Urbantech: Tell us about the objectives of your work.
Christian: The idea is to transform the real estate industry to make it more customer-centric, efficient, and sustainable by combining people, capital, and ideas. NREP has since its inception created a number of platforms based on structured tailwinds and developed products that meet customer demands, rather than following the conventional route of buying up real estate, holding it, and getting the returns. As the future of the urban environment will be disrupted by technology and need to be more sustainable, NREP is sponsoring a new platform, 2150, to invest into emerging sustainable technology companies.
In 2150, we invest in technology companies in the urban stack and we bring together industry participants and investors from the urban environment, who are experts in the problem and the startups solving the problems. Our team consists of seasoned investment profiles, who have a background in investing and scaling tech companies, and facilitators with experience in sustainability and digital transformation in industrial B2B.
Urbantech: What changes do you see happening in the industry?
Christian: To date, the built environment has been a laggard with little focus on digitalisation, productivity, and sustainability. The urban environment represents 70% of all CO2 and buildings account for 90% of where we spend our time, 13% of our GDP, and have a huge labour force, so there are so many knock-on effects of investing in the ‘urban tech stack’ on society.
We see more companies during COVID-19 applying technology to solve their problems and for the first time, a strong push both regulatory and commercially to choose sustainable solutions.
With the number of assets and cities in Europe and what is needed in the rest of the world, then we need to be committed to this vision and focus on sustainability as a key driver.
Urbantech: What do you see as the key investment opportunities in the urban tech space?
Christian: In my opinion, concrete, smart real estate tech, Environmental Social and Governance (ESG) analytics, carbon capture, and storage (CSS) are amongst some of the most exciting areas. Concrete is a significant polluter that many do not know – it accounts for 8% of all CO2 – the single largest category. Within smart real estate tech, there’s a structural tailwind for solutions focused on retrofitting and energy efficiency. Then there’s a huge challenge with people being able to calculate CO2 footprints and finding software to do this. Right now it’s based on consultancy models that aren’t really scalable – we need more deep tech solutions.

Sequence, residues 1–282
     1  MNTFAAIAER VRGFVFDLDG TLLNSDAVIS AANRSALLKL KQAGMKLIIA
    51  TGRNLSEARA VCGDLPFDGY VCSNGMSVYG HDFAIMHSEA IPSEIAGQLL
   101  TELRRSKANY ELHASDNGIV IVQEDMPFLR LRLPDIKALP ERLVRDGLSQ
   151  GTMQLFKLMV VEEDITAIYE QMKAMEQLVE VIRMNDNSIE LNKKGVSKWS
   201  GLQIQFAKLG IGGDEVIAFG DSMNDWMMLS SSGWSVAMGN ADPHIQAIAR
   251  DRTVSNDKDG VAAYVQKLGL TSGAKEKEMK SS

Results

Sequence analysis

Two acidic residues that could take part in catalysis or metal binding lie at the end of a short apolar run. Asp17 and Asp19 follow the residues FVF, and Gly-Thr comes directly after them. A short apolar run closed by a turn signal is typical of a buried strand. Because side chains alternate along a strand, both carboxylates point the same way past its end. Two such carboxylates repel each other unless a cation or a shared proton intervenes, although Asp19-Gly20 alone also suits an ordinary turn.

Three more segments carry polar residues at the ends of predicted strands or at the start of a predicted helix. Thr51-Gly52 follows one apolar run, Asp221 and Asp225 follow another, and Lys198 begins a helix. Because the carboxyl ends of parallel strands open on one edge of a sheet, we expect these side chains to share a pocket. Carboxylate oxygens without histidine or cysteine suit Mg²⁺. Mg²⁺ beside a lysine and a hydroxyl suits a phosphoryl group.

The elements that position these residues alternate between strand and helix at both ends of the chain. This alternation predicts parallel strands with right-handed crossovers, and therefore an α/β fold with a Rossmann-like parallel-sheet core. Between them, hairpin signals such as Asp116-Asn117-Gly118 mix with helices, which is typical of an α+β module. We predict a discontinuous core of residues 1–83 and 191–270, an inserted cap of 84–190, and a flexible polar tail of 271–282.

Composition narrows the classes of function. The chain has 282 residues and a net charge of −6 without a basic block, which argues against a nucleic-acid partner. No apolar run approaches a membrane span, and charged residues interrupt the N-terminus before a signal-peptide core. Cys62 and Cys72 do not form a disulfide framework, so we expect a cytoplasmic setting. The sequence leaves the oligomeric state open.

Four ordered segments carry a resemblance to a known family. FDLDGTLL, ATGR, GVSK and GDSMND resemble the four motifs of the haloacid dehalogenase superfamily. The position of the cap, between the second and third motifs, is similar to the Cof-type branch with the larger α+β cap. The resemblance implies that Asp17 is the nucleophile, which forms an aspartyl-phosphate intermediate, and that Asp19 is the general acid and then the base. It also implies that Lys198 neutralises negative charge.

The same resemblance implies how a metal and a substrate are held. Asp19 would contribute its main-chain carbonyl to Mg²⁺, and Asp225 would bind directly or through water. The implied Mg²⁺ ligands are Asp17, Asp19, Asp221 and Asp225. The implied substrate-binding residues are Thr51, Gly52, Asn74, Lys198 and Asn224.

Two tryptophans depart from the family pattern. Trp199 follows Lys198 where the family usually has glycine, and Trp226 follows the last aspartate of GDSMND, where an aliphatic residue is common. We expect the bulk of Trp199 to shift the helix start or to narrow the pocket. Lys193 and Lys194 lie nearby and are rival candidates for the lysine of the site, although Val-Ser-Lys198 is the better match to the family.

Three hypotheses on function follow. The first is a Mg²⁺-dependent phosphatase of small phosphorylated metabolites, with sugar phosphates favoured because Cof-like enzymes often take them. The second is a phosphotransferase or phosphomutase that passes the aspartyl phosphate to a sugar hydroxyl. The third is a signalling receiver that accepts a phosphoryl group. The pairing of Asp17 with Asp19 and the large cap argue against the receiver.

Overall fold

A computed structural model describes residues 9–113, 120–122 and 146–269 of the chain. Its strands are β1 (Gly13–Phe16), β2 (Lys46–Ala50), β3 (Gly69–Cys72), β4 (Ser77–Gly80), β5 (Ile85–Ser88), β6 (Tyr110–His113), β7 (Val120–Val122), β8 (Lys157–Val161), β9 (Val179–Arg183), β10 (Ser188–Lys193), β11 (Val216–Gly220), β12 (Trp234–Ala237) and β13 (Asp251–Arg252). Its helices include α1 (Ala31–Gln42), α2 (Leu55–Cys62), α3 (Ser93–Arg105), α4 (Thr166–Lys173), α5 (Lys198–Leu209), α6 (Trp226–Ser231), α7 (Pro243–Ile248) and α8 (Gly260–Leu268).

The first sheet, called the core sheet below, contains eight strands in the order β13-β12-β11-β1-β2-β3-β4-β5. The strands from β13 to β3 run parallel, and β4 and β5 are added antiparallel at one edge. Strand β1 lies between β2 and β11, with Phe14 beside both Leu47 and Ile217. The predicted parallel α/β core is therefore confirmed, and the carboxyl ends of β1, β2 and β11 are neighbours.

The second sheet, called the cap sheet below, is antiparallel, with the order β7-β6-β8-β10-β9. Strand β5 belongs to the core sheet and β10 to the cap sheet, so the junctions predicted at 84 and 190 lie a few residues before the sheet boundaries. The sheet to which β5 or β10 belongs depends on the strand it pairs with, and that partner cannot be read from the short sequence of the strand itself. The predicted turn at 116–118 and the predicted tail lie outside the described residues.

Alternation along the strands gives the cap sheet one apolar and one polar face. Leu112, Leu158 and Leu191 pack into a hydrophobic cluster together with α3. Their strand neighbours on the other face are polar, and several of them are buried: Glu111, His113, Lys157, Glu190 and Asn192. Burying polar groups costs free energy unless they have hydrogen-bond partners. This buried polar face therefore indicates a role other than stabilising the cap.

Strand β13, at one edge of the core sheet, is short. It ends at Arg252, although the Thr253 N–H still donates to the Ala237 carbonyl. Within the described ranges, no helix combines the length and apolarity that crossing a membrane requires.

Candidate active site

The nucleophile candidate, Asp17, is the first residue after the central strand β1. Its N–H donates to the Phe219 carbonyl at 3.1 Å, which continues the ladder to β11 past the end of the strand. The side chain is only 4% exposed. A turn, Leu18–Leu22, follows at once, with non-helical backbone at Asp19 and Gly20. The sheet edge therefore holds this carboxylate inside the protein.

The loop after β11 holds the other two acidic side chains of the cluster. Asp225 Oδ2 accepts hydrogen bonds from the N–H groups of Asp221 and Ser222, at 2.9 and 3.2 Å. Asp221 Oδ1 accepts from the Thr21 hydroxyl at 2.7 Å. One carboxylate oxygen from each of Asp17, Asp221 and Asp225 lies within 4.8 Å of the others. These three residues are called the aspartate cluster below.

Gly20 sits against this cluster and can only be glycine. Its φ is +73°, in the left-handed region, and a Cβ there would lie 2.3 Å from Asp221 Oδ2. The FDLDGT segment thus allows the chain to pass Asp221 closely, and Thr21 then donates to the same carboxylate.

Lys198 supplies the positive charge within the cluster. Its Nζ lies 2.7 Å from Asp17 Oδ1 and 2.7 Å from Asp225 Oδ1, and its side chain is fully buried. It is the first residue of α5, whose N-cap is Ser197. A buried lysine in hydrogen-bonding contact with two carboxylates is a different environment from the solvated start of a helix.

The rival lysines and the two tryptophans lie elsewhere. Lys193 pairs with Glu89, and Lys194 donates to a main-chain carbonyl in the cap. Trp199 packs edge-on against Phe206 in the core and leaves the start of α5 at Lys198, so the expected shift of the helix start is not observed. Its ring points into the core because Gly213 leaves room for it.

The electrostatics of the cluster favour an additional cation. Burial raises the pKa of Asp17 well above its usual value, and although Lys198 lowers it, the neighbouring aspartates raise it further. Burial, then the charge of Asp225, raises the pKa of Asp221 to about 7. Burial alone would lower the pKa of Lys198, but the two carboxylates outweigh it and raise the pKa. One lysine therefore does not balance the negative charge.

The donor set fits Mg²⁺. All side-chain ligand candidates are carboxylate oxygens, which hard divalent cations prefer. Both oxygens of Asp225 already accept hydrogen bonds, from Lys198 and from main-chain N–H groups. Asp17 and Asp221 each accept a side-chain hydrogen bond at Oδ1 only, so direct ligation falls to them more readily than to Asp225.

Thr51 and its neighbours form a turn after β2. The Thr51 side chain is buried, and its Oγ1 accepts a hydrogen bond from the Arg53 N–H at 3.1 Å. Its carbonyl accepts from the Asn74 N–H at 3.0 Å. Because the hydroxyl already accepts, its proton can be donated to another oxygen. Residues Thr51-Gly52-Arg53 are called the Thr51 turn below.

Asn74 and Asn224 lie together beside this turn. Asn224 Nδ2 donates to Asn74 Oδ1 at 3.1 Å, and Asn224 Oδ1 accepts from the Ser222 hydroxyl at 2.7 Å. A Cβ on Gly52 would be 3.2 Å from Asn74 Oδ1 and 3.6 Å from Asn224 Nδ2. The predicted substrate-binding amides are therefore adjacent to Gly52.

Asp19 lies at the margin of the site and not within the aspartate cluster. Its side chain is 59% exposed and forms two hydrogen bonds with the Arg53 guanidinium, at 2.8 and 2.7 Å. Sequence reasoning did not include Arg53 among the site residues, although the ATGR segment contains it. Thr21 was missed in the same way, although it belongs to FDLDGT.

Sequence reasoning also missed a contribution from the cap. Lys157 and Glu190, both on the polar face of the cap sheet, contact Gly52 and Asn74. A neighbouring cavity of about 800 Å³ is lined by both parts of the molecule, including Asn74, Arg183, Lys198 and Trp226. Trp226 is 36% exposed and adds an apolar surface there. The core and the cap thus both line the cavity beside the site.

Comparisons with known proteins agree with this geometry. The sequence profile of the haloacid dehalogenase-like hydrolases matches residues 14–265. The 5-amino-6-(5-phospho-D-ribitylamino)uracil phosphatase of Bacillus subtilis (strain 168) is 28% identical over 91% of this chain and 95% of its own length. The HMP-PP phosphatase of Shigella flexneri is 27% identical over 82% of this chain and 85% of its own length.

As a rule, the construction sector needs a productivity overhaul. An analysis conducted by McKinsey, predicts that if the sector had the same level of productivity as other sectors in the US it would have been adding 1.6 trillion US dollars in GDP per year since the mid-1950s.
Urbantech: What would you like to see more – or less of – in the discussion on cities in the future?
Christian: I’d like to see more corporations leaning in with capital to transform the sector. Many large companies are investing time, i.e sweat equity, but it’s fundamental that they really commit with capital to support that an upcoming company can also get to the next stage. We also need better conditions for entrepreneurs in Europe. There’s a huge amount of talented entrepreneurs who could create a massive impact with the right support and I look forward to seeing how the New Green Deal will roll-out.
Lastly, so far we’ve only been talking about Unicorns which is only about economic value, but we should now be talking about developing venture capital 2.0 focused on how we solve true and really big problems, i.e. climate change and sustainability. Therefore, 2150 is hunting for what we call ‘Gigacorns’ – companies that can reduce CO2 by a gigaton.
Urbantech: How do we move the needle of multi-stakeholder collaboration?
Christian: Different facilitation is needed at different levels. To take us to the next step, I think we need more later-stage facilitation than early-stage innovation. There’s a difference between innovation and facilitation. When you need to scale something fast, the key component is facilitation. The innovation side of things is more about inspiring people and staying creative together. Those activities will always happen – I’m not so afraid of that being killed.
So venture capital has a unique role to play in taking this to the next level and solve our problems in the urban stack In Europe, we’ve had state-backed venture capital for many years. Now we’re starting to see the first set of entrepreneurs from Spotify, Klarna, and Supercell investing money back into the ecosystem. If you look back over the past 10 years, venture capital has been the best facilitator of changing habits in the world. Once we’ve found the solution to a problem, the key is to scale it – finding exponential technologies. And when we look at climate change, our biggest problem is time.